One of the guards, a cocksure 18 year old sociopath named David Eshleman, decided to take his role very seriously, to the point where he changed his Northeastern accent to a Southern one. He took on the persona of a meaner creepier version of himself who didn’t take shit from anybody. He began harassing the prisoners with a vengeance. And if any of them got out of line, he’d send them to “the hole,” a box so tiny you couldn’t even stand up in it.
One of the prisoners, 22 year old Doug Corpi, quickly realized that if the prisoners didn’t stand up for their rights, they were about to experience two weeks of torture. So he began rebelling, refusing to eat food and barricading the cell entrances so the guards couldn’t get inside. Eshelman didn’t back down. He told the other inmates that unless Corpi started abiding by the rules, they wouldn’t eat. They wouldn’t get bathroom breaks.
It was a standoff. A hatred began building between the two sides, fueled by Corpi and Eshelman, and it was clear that only 48 hours in, things were out of control. But did Zimbardo stop? No. He was too fascinated by the interaction. He wanted more.
Soon, the psychological exhaustion of dealing with the relentless guards began to take its toll, and the prisoners started breaking down. They went to Zimbardo, begging for help, but since they never specifically asked to leave, he wouldn’t let them go. He’d force them right back into their cells to endure more psychological terror.
His biggest fascination, however, was Eshelman. He wanted to see how far he would go. The problem with that was Eshelman wanted to see how far he could take it. So he just got worse and worse and worse until he was a bona fide monster. But since no one was telling him to stop, he kept going. He devoted his entire shifts to torturing the inmates.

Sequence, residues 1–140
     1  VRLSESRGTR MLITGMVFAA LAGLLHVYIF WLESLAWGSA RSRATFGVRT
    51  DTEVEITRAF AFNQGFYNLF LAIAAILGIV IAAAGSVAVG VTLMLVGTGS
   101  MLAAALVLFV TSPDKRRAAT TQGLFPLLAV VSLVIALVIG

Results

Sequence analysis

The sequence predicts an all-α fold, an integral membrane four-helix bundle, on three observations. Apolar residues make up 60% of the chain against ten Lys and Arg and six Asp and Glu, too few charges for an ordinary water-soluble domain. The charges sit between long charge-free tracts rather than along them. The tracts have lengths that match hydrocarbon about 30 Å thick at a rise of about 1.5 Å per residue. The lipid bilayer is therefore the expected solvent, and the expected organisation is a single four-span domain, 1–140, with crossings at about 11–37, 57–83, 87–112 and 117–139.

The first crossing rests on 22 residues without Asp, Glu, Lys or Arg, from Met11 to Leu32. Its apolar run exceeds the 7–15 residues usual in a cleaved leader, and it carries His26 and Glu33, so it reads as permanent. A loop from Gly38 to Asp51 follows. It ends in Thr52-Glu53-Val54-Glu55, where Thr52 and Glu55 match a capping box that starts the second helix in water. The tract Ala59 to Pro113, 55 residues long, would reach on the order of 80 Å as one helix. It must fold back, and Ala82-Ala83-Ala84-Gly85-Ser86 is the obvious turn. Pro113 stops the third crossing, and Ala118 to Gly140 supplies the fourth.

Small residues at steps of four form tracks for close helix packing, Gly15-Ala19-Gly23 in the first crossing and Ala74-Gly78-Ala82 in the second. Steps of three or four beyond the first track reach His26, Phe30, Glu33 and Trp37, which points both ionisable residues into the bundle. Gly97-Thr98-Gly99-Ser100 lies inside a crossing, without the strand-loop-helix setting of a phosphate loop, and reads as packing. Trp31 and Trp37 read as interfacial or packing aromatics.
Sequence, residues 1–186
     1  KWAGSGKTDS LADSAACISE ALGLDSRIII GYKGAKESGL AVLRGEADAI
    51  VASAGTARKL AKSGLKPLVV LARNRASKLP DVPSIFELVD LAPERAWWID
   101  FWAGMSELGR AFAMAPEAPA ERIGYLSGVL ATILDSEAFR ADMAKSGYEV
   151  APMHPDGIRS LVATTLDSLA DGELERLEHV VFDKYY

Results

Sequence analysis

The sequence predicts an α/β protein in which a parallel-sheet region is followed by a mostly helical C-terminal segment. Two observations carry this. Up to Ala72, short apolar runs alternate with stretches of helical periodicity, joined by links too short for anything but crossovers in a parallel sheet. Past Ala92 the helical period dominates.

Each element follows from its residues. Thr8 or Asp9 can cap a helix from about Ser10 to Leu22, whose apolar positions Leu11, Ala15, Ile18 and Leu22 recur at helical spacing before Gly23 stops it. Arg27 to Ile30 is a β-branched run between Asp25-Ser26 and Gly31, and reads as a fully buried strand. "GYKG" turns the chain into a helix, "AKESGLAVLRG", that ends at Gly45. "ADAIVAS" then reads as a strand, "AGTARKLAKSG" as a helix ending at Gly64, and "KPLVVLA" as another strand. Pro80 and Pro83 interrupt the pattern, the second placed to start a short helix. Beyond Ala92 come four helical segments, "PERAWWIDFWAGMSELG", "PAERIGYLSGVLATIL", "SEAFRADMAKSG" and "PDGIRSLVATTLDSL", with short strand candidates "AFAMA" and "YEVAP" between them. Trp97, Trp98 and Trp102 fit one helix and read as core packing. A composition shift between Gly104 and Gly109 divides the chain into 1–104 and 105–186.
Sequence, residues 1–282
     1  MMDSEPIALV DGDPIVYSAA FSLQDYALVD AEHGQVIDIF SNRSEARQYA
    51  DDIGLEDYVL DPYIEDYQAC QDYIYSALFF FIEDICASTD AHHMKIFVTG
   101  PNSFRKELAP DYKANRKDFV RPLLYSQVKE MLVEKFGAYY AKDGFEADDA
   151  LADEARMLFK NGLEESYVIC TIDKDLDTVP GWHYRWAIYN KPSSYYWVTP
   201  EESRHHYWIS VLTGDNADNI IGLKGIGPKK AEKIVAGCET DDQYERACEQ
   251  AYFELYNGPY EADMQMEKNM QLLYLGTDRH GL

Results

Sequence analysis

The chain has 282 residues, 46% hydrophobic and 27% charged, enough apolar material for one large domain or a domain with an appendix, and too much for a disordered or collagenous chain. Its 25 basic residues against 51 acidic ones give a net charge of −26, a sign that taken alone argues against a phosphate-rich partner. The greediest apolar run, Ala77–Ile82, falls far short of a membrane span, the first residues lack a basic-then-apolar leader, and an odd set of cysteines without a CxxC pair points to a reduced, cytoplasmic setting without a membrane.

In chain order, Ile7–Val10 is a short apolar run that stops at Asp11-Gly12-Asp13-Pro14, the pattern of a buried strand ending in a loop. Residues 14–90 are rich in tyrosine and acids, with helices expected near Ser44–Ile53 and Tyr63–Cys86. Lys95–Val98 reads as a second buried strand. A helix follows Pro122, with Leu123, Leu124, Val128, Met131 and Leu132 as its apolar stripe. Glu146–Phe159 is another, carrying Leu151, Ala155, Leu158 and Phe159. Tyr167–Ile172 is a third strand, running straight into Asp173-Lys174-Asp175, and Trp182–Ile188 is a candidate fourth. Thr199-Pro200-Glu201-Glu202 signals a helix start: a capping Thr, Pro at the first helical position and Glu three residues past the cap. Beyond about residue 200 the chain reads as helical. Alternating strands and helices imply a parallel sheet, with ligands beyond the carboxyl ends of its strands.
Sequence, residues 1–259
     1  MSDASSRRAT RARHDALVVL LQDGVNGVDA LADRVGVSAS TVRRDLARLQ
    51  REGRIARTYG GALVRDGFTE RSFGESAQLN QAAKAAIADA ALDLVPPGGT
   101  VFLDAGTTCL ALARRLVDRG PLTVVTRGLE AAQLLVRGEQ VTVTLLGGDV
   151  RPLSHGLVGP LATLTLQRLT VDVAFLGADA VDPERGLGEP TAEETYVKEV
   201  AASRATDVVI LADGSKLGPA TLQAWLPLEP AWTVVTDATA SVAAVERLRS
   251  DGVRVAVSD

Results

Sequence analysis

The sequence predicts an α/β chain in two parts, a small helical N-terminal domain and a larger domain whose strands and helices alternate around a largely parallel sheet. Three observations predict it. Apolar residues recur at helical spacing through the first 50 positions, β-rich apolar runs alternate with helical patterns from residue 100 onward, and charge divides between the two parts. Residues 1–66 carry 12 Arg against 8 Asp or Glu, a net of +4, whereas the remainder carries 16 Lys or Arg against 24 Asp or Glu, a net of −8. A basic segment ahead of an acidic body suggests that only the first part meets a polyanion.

At a certain point, things became so ridiculously out of control, that Zimbardo had no choice but to stop the experiment, a mere six days in. It was not due to any sympathy on his part. It was only because his staff couldn’t bear it anymore. And just like that, it was over. The prisoners were released from their cells and told to go home.
Man, I don’t even know if I can talk about this script in screenwriting terms. I was just so fucking…..ANGRY at Zimbardo and Eshelman. These people were tortured for six straight days and there were no consequences for their torturers! They just got to smile and shrug their shoulders at the end and call it a day.
I think this is why this script leaves such an impression. There aren’t many movies where the bad guys get to mercilessly torture the good guys without any payback. It just feels so…unfair.
Especially in the case of Zimbardo, the smarmy piece of shit who came up with the idea. He just watches the whole thing with this evil little grin on his face, allowing these men to be berated and humiliated. I wanted to find out where he lived and conduct my own little experiment on him.